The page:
La Naval de Manila: Sailing on with faith | Lifestyle.INQ

OCTOBER 27, 2022

LA NAVAL de Manila is the oldest ivory icon in the country. The Marian feast’s grand procession is on Oct. 14.
LA NAVAL de Manila is the oldest ivory icon in the country. The Marian feast’s grand procession is on Oct. 14.

The novena to Our Lady of La Naval de Manila is once again being prayed at Sto. Domingo Church, starting with the Enthronement of the historic image of Our Lady on Oct. 4 and culminating in a grand procession to be attended by tens of thousands of devotees on Oct. 14.


Not a few devotees have noted that no matter how heavy the rains would be pouring, no matter how thick and dark the clouds that hover above, as soon as the historic image of Our Lady of La Naval goes out of the Church for the procession, the rains would immediately cease to fall. Our Lady always emerges victorious over the deluge of rainwater.


It does not come as a surprise because the devotion to Our Lady of La Naval is an offshoot of a series of victories over the waters—not of the rain—but of the South Asian seas. The enemies: the mightier, better equipped, more prepared Dutch armada. The Dutch who had seized Formosa from the Spaniards in 1642 wanted the Philippines, too!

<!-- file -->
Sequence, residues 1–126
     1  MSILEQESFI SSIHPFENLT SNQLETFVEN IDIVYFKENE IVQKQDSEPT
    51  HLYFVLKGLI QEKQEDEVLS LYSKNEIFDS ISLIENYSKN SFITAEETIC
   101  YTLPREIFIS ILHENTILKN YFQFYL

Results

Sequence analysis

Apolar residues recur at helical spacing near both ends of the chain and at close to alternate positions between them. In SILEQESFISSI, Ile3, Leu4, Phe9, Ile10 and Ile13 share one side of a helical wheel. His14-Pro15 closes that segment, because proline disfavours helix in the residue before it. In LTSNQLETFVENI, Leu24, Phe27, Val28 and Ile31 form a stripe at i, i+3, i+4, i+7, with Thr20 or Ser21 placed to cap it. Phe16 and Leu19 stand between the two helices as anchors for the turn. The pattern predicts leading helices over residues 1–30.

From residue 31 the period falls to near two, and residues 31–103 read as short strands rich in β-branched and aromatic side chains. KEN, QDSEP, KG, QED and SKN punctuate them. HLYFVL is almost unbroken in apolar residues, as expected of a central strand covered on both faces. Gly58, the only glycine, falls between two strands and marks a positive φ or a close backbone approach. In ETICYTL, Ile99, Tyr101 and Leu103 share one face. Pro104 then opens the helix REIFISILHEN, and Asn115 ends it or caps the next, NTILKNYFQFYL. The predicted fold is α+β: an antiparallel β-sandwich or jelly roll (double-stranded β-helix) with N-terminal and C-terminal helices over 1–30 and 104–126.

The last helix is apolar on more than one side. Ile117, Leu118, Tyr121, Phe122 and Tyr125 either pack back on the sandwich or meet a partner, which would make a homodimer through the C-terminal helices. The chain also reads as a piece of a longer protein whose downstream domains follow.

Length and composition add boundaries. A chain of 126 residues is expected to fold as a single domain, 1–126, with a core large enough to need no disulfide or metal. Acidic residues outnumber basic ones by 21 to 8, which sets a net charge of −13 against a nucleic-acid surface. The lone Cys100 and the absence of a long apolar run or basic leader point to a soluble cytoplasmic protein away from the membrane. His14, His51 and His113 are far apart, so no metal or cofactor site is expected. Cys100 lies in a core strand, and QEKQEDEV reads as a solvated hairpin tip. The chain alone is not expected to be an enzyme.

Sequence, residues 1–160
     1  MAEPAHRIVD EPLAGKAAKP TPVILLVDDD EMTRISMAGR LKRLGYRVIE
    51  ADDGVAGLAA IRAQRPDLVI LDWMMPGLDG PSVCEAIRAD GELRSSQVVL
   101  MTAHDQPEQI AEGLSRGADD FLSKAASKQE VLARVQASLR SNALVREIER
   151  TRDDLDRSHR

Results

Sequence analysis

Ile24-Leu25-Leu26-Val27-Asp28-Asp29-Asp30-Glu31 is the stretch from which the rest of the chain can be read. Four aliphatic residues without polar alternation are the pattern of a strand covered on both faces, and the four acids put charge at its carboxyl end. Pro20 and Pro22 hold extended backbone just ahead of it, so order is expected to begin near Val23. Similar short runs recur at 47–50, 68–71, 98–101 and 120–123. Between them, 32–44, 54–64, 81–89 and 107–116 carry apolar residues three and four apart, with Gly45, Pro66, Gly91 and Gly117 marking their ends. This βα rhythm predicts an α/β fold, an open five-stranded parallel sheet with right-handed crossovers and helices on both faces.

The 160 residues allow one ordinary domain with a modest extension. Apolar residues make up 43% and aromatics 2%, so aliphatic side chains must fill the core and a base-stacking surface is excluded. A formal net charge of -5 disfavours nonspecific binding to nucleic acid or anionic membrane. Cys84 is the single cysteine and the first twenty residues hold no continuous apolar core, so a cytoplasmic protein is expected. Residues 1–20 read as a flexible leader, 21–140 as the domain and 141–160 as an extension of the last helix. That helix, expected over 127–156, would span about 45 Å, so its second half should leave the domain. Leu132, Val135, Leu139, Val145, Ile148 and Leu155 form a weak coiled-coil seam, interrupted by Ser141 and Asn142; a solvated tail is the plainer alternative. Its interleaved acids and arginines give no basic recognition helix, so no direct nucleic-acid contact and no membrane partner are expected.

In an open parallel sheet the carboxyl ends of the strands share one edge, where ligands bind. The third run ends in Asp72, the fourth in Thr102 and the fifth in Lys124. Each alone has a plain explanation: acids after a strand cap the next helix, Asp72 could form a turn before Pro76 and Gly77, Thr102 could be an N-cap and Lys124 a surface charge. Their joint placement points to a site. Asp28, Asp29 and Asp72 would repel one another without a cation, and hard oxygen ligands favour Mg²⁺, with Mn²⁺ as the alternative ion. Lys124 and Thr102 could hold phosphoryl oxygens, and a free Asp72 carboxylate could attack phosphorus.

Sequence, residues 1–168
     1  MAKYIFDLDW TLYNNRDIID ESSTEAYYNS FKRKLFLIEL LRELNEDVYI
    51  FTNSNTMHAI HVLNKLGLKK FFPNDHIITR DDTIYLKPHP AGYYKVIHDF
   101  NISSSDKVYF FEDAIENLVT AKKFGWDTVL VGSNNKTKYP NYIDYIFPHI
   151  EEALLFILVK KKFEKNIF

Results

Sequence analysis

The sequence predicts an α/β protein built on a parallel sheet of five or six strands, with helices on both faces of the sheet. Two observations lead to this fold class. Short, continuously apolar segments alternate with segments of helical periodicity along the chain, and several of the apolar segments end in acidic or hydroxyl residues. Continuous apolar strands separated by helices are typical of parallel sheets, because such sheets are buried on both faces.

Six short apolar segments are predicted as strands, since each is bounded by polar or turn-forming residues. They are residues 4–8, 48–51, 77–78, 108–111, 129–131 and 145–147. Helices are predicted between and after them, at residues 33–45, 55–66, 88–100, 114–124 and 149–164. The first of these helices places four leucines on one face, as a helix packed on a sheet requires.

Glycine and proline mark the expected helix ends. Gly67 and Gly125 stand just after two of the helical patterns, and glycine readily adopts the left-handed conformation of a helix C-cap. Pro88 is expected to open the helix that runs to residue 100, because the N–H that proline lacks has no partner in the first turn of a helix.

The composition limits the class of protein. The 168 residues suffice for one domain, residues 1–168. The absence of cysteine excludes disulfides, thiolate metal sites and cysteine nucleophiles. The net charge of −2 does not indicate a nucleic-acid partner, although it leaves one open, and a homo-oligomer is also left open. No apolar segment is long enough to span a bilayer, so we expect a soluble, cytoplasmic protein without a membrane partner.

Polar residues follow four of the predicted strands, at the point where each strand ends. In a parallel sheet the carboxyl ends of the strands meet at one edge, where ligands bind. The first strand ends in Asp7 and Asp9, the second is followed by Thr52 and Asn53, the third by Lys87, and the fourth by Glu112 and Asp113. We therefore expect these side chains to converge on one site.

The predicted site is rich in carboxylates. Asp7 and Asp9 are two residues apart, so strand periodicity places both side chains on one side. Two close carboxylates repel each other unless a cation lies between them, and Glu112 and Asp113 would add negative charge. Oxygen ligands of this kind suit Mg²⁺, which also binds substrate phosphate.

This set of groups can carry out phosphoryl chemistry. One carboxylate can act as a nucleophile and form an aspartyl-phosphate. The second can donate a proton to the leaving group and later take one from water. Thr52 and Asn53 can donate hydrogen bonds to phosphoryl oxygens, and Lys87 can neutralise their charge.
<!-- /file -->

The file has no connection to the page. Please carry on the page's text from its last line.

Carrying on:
In all, five battles were fought intermittently from March 15, 1646, to Oct. 4 of the same year.


The Spanish-Filipino “armada” consisted of two rickety galleons (a newer galleon was added on the third battle). The Dutch invaders had seven warships and two fireboats.


Despite being outnumbered and outgunned, the Philippine armada had an ace up its sleeves: It went to battle armed with a strong faith manifested in the soldiers’ incessant praying of the Rosary.


The results: A Dutch warship and the two fireboats sank to the bottom of the sea. The Filipino-Spanish fleet, on the other hand, remained intact, with very few casualties. Faith, indeed, works!


Nature of faith


What is this faith, and where did it come from?


Faith comes to us as a divine light emanating from God’s mysterious presence in every man and woman. This divine light activates in our deepest self an inner inclination, an attraction which leads us, thrusts us back to God. Spiritual writers call this by many names—light of faith; divine instinct; an obscure groping.